By Mike Burrows ~ Denver Post Sports Writer
Sunday, June 30, 2002 - SIMLA - Glenn Morris' tiny hometown on the parched prairie of Elbert County still doesn't have a stoplight. But it does have an Olympic gold medal, which when removed from a Simla High School vault can stop what little traffic there is just the same.

Surrounded by farms and ranches,  Simla most notably  raised a rocket in the Hollywood-handsome Morris, whose rapid ascent to fame if not fortune was matched only by the speed of his life's tragic descent.

Six years after leaving to star at Colorado A&M, which became Colorado State, Morris returned to Simla an Olympic champion, having broken the world record in the decathlon at the 1936 Berlin Games. He appeared in two 1938 movies, one as Tarzan, and played briefly in the NFL for the Detroit Lions before fighting as a Naval officer in World War II. After the war, he all but disappeared from the public eye until his death from heart failure in Burlingame, Calif., in January 1974 at age 61.

"You basically can divide Glenn's life into two segments," said Mike Chapman, whose book about Morris - "Colorado Comet" - is near publication. "You have what he did up to and including the '36 Olympics, which was as good as  it gets, a classic rags-to-riches story, and everything after the '36 Olympics. That's the sad  part."

A standout for the Simla Cubs in football, basketball and track, Morris boosted his conditioning by running the 2 miles between school and home. Cledys Moore, a neighbor and teammate, occasionally ran with him. "We lived about half a mile apart, but that's pretty close for country people," said Moore, 91, a Simla resident most of his life. "Glenn was a good uy and a great athlete. I can still see him running the hurdles. He was so smooth, he seemed to glide over them. He did everything so well; he won track meets for us single-handedly. "Good as he was, though, we had no idea in Simla he'd become what he became."

Other than Harry Hughes, who coached football, basketball and track at CSU, nobody did. Hughes was thrilled when the 6-foot-2, 185-pound Morris arrived in Fort Collins in the fall of 1930. "I knew he was a gem," Hughes said years later. "I could see he was quick, coordinated and had a hair-trigger mind." Morris didn't disappoint Hughes, helping CSU win a share of the Rocky Mountain Athletic Conference football title in his senior season, 1933, when he was a receiver. On the track, he set school records in the hurdles and scored points in several events. In the classroom, he earned degrees in economics and sociology.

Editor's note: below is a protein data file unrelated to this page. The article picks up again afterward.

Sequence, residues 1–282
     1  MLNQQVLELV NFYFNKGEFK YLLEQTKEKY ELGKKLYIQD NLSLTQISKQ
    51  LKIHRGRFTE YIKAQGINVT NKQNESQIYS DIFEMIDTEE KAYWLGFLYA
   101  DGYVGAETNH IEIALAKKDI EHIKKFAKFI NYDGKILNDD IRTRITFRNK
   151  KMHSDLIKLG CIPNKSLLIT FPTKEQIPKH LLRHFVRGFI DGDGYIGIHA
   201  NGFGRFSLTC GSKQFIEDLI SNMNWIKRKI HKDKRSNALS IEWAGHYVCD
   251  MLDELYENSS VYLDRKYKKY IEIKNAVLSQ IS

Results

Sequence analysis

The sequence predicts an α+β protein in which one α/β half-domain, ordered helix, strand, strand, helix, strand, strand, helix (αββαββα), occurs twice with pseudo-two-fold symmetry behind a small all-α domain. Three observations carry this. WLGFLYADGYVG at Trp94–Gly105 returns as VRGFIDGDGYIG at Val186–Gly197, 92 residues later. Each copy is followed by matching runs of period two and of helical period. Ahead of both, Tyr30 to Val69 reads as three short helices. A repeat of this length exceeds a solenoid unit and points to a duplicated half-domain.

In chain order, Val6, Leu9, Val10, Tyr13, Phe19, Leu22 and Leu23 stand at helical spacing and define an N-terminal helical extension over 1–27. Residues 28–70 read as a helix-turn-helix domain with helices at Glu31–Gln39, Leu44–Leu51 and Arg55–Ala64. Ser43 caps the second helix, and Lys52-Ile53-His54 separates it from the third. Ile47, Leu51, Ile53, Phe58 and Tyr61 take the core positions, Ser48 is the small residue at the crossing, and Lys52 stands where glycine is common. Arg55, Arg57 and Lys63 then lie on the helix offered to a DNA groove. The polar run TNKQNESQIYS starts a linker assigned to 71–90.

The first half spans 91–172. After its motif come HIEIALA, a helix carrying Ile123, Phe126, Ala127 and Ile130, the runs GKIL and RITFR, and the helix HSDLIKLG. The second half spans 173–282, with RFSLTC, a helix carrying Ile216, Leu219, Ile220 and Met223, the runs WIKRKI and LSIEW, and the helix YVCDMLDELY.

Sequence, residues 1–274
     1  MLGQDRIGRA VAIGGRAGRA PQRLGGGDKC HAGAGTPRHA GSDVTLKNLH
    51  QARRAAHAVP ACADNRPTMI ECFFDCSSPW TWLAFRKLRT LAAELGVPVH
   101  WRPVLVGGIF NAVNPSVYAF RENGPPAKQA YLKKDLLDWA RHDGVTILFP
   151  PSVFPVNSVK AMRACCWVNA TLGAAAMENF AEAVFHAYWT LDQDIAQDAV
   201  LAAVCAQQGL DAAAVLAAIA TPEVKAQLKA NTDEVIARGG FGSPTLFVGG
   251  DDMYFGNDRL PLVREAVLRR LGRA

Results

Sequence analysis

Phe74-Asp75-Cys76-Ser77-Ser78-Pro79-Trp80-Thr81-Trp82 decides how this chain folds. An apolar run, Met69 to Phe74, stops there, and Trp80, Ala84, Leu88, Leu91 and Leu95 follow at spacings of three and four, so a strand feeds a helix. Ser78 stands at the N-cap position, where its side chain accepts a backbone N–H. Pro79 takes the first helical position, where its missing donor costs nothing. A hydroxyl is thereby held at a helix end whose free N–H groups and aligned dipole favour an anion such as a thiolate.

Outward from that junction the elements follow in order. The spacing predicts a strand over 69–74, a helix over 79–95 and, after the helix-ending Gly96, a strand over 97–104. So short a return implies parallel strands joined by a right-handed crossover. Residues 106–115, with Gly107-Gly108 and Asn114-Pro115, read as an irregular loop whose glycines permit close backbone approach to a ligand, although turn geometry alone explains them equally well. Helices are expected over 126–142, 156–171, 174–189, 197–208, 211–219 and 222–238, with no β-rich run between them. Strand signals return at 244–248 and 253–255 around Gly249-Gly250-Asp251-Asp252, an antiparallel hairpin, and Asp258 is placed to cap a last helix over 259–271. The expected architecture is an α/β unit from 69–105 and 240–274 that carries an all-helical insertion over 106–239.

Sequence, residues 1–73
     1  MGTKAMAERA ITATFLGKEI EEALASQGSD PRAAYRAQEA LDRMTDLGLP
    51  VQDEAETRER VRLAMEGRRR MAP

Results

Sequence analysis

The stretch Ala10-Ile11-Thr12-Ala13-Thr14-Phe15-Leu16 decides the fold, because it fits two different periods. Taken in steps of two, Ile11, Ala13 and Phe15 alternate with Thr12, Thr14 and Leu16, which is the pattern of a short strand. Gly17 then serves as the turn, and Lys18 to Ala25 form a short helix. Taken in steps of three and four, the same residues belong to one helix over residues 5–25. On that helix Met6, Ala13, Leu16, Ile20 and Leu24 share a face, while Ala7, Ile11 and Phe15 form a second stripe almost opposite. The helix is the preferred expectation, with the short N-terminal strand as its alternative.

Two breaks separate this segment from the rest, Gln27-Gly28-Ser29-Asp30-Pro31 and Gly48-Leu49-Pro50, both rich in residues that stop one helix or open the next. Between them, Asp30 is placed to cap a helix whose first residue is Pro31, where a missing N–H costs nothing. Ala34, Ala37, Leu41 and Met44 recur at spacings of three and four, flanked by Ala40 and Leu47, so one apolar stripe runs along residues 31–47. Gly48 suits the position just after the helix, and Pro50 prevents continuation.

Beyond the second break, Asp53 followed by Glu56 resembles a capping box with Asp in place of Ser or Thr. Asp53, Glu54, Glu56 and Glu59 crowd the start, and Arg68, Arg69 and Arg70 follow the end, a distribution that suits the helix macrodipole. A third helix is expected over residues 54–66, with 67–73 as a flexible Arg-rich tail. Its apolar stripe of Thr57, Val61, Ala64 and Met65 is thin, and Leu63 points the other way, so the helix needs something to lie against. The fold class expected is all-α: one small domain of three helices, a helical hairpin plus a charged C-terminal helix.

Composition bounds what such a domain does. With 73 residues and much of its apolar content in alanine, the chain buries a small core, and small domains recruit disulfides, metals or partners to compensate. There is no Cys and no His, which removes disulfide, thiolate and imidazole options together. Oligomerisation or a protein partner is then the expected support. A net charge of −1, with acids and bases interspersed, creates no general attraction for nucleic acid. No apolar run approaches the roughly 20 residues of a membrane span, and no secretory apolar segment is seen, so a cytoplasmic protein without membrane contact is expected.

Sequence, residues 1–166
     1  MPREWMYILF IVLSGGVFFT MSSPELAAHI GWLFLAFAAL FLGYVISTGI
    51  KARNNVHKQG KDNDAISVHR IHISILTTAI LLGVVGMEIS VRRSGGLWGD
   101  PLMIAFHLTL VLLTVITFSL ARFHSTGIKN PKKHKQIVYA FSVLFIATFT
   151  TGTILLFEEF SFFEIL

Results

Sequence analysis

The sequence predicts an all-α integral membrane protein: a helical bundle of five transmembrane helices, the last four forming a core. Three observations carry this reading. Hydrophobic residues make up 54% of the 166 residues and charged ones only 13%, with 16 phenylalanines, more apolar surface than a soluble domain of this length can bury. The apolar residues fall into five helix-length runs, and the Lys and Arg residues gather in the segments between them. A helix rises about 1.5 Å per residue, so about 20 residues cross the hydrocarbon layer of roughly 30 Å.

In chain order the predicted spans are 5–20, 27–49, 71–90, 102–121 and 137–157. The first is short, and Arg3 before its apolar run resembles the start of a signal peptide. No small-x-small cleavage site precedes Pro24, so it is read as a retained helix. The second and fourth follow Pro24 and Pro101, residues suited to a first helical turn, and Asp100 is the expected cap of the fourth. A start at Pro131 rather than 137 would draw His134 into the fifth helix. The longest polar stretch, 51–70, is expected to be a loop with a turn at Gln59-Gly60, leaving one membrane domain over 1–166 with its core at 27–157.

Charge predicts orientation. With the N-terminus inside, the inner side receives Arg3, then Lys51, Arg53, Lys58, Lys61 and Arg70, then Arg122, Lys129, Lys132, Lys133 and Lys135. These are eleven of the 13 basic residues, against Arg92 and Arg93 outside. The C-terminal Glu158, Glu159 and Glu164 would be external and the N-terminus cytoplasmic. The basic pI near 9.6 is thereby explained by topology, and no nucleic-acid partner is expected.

A bold vow

Morris' life changed when he attended the 1932 Los Angeles Games with Hughes. On the spot, Morris decided he could  become an Olympian when he watched Jim Bausch of Kansas use a world-record performance to win the decathlon.  "Someday I'll win it," Morris told himself, "and I'll win by more points than anyone has ever scored."  That bold vow eventually turned into bolder victories. With Hughes' help, Morris learned the techniques to compete in the events of the decathlon - 100-meter dash, long jump, shot put, high jump, 400 dash, 110 hurdles, discus, pole vault, javelin and 1,500-meter run. He was a 23-year-old car salesman training in Fort Collins for the Berlin Games when he competed in his  first decathlon, at the Kansas Relays, in April 1936. He set the American record, scoring 7,576 points, which qualified him for the U.S. Olympic Trials two months later in Milwaukee. There he scored 7,880 points, shattering the world record set in 1934 by Germany's Hans Sievert. "Morris combines extraordinary speed with the technique and stamina so essential to sustaining a high average of performance in the 10-event test," AAU national secretary Daniel J. Ferris said at the time.

Simla's sensation took aim at his third, and last, decathlon while sailing to the Berlin Games aboard an ocean liner with Jesse Owens and other U.S. teammates. When he arrived, Morris was more concerned than confident. "I gained about 8 pounds going over on the USS Manhattan," he said years later. "It rained most of the time, and I had a hard time losing it. I caught cold, which settled in my muscles, and was too tensed up to work out for two days."

Morris eventually caught the attention of Adolf Hitler, who was among the 90,000 spectators at Olympic Stadium when Morris was crowned decathlon champion of the Berlin Games. Morris broke his world record, accumulating 7,900  points, by posting career bests in the shot put (46 feet, 2 inches), 110-meter hurdles (14.9 seconds), discus (141-5) and the final event, the
1,500 meters, which he won with a time of 4:33.2, 16 seconds faster than his previous best and one second better than the time needed to set the world record. He received his laurel wreath from Eva Braun, Hitler's mistress, and returned home a hero.

"Simla couldn't have been prouder," Moore said. "I think we started planning Glenn Morris Day the day we heard he'd won the Olympics. That was a big deal, as you can imagine, even bigger than him being in the movies."